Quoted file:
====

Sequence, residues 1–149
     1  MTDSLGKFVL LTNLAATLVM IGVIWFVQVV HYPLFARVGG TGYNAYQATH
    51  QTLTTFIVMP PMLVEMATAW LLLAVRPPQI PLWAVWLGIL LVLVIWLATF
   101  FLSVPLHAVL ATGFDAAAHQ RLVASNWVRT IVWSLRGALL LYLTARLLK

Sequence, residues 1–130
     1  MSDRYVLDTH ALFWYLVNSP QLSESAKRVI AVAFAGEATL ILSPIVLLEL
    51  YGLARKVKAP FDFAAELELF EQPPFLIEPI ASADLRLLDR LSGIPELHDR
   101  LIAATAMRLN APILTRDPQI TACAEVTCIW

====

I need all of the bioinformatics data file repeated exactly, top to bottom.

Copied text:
Sequence, residues 1–149
     1  MTDSLGKFVL LTNLAATLVM IGVIWFVQVV HYPLFARVGG TGYNAYQATH
    51  QTLTTFIVMP PMLVEMATAW LLLAVRPPQI PLWAVWLGIL LVLVIWLATF
   101  FLSVPLHAVL ATGFDAAAHQ RLVASNWVRT IVWSLRGALL LYLTARLLK

Sequence, residues 1–130
     1  MSDRYVLDTH ALFWYLVNSP QLSESAKRVI AVAFAGEATL ILSPIVLLEL
    51  YGLARKVKAP FDFAAELELF EQPPFLIEPI ASADLRLLDR LSGIPELHDR
   101  LIAATAMRLN APILTRDPQI TACAEVTCIW